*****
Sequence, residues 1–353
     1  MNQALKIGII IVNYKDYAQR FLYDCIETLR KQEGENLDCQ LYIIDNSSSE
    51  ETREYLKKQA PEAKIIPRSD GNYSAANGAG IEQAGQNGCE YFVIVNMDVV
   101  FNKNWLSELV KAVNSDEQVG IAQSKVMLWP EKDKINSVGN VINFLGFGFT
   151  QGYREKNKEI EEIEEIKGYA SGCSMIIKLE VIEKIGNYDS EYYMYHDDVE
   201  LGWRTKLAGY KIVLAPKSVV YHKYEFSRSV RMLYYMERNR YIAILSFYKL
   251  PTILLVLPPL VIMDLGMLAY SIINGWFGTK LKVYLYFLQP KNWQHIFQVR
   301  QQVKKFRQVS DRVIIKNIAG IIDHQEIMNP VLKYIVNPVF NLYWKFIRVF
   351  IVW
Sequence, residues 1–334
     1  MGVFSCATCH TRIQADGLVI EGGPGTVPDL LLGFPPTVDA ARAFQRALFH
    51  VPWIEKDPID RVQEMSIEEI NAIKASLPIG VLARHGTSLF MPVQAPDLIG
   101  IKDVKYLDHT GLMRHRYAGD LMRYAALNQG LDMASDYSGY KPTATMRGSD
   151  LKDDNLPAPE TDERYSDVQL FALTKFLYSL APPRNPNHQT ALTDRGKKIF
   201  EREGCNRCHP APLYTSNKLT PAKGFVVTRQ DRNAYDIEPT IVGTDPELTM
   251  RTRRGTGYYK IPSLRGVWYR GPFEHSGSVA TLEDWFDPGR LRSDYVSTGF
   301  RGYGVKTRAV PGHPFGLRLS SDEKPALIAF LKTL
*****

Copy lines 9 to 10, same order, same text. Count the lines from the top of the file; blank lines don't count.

   351  IVW
Sequence, residues 1–334